I never thought I would need someone to care for me.
Three years ago, when my son turned 2, I went into the hospital for a common medical procedure. Everyone swore it was safe, and low risk. I came out with a spinal cord injury, spent three weeks in the hospital, and six weeks more in a rehab facility. I was 30. I will be in a wheelchair for the rest of my life.
In a split second everything in your life can change, and you end up being the one that needs long term care. I’m self-sufficient today, but if I require more help at home — if my husband has to quit his job to care for me — we’d have to sell our house.
I don’t know how we’d make it. We’re just a few of the thousands of people who need the benefits that our state’s new public long term care program, WA Cares, will provide.
If this happens to millionaires, what about the rest of us?
The irony is I’m a professional caregiver myself. Growing up with siblings who have serious disabilities, it was in my blood. I became a certified care provider, helping folks who can’t care for themselves, but want to stay in their homes. When I go to work every day, I know I’m making a difference in somebody’s life.
I’ve seen so many people - including my own grandparents - go through their savings and sell their home, to qualify for Medicaid to cover the costs of long-term care. If you can’t afford to pay out of pocket for help, and you don’t have the ability to take care of yourself, you are stuck between a rock and a hard place.
One of my clients was a millionaire.
I helped her with daily living tasks so she could stay in her home, but it also meant she had to spend everything she had, and didn’t have anything left to hand down to her kids after she passed at the age of 98. If this happens to millionaires, what does that look like for the rest of us?
Except for the top 1%, most of us are not financially prepared for the likely eventuality that we’ll need long term care at some point in our life, or we’ll need the option to get paid to stay home and care for a family member. Even with my amazing health insurance, what happened to me financially devastated our family.
News flash: Medicare and health insurance don’t cover long-term care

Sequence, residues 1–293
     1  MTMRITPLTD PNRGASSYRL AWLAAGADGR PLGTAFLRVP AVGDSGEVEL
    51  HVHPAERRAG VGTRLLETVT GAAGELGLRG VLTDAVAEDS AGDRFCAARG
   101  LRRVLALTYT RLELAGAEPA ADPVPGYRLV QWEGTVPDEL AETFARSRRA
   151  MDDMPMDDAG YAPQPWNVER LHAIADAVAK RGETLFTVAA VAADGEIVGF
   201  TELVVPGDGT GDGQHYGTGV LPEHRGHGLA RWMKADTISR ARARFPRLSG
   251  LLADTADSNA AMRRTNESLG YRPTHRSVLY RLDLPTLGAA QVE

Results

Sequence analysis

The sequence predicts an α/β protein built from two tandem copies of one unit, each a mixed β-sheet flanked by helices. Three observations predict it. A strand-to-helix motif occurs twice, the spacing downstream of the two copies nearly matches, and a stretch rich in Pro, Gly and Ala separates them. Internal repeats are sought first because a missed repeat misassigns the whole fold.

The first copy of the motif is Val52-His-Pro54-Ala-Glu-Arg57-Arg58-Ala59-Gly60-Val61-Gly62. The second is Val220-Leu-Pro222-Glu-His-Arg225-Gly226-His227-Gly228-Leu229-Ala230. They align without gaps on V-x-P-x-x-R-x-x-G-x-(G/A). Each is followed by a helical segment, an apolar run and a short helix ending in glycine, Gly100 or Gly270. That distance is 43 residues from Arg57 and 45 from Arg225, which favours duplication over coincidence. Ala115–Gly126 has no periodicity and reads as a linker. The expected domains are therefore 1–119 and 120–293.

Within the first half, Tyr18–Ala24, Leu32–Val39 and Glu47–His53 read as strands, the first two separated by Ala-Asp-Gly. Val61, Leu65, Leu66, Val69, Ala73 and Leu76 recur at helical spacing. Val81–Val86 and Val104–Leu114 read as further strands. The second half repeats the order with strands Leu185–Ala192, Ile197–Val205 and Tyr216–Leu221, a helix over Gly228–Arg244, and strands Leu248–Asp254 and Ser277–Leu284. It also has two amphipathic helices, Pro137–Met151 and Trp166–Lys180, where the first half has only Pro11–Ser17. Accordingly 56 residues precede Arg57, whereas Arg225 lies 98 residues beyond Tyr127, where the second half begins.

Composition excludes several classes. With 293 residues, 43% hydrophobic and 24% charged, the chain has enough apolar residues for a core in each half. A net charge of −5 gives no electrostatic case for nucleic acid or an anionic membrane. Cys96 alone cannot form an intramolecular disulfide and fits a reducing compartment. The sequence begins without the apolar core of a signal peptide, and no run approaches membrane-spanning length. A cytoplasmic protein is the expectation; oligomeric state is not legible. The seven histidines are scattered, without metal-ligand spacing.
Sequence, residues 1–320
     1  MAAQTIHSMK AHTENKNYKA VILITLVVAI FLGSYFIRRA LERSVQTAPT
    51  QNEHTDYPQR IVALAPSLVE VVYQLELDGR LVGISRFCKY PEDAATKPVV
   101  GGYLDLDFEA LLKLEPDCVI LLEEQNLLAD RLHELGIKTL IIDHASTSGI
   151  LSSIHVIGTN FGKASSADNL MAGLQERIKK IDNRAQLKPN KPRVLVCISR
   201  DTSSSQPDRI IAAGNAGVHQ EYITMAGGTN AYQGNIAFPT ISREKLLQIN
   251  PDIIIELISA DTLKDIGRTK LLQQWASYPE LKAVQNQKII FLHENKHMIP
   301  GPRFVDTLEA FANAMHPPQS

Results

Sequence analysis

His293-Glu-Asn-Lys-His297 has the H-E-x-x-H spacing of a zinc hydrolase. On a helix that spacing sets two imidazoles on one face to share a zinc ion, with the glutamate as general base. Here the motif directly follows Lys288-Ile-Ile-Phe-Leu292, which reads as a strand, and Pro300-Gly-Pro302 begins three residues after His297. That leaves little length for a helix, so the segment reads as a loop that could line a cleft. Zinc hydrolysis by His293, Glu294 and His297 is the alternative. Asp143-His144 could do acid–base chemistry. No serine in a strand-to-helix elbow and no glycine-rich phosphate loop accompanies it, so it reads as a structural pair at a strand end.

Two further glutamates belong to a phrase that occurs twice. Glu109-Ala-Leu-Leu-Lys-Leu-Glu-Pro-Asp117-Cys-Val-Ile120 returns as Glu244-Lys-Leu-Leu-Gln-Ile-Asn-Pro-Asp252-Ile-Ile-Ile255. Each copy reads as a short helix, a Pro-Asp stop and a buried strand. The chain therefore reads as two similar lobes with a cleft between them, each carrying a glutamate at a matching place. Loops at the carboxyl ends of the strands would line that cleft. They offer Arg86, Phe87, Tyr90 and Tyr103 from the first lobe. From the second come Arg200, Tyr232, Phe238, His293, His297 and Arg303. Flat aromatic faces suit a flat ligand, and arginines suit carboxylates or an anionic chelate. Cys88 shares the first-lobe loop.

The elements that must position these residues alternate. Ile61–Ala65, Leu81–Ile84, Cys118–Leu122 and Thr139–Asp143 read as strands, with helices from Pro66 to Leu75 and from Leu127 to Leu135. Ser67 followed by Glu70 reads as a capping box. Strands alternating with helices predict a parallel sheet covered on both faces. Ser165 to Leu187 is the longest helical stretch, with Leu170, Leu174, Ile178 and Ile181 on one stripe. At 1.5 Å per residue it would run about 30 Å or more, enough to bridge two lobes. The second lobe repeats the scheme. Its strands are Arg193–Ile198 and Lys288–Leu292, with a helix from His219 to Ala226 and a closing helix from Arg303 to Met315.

WA Cares is for the 90% of Washingtonians who will retire without enough savings or insurance to cover their long-term care needs. WA Cares gives everyone an affordable, reliable option of getting help at home when they are injured, sick, or elderly.
It never occurred to me that I would need care, much less in my 30s. So when I hear working age people say they won’t need long term care themselves, I shake my head. Statistically, more than 70% of us will need long term care services at some point in our lives.
Folks also believe health insurance or Medicare will cover the costs should they ever need longer term in-home help, or care in a rehab or nursing home. They won’t.
Corporate long-term care insurers are unreliable
To people choosing to opt out of WA Cares, please beware that corporate long term care insurance is expensive ($7,000 a year on average for a retired couple, and it goes up as they get older), and notoriously unreliable.
Long-term care insurance companies often exclude people with pre-existing conditions, charge higher rates for women than men, and have a track record of dropping plans and not delivering promised benefits to consumers. You’ll have to keep paying escalating premiums your entire life. With WA Cares, you stop paying when you stop working, and it’s always there for you.
According to a recent investigation of consumer complaints filed with the WA Office of the Insurance Commissioner, many long term care insurance companies use “bait and switch” tactics, jack up premiums by as much as 300% with no warning, drop coverage with no refund, and regularly delay and deny promised benefits.
Improve WA Cares with these 3 changes
WA Cares was created to meet the needs of millions of us who are in the gap: we can’t afford to pay privately for long term care, but are not yet at the poverty level required by Medicaid.
WA Cares isn’t perfect, but it’s a giant step in the right direction. Just like Medicare and Social Security, we pay into WA Cares while we’re working, so it’s there for us when we’re injured, sick, or just getting too old to care for ourselves safely.
In 2019, when I went to the “Caring Across Generations” conference in Detroit, everyone flocked to our table — they wanted to know how we got the WA Cares program. I was so proud to be a Washingtonian inspiring action in other states. Now some wealthy political interests want to take away care needed by tens of thousands of us.
I’ve just signed this letter asking policymakers in Olympia to move quickly to strengthen WA Cares with these three improvements:
1) Allow people who retire before fully vesting in the program to qualify for a prorated benefit.
2) Allow certain out-of-state workers, military families, and temporary workers to opt out of the program.
3) Explore options to allow the state to provide benefits to retirees who move out of state.
I hope nothing like what happened to me happens to you or someone you love. But if an illness, injury, disease, or simply the challenges of aging cause you to need help with daily living tasks, the WA Cares program will help you stay home, instead of entering into poverty to go into a facility on Medicaid. That saves the state money, and allows us to keep living the life we want to live - it’s a win-win.
About the author: Dani Rice of Asotin, Wash., is a mom, caregiver, and disability leader.For more info about Washingtonians for a Responsible Future, visit walongtermcareoptions.info
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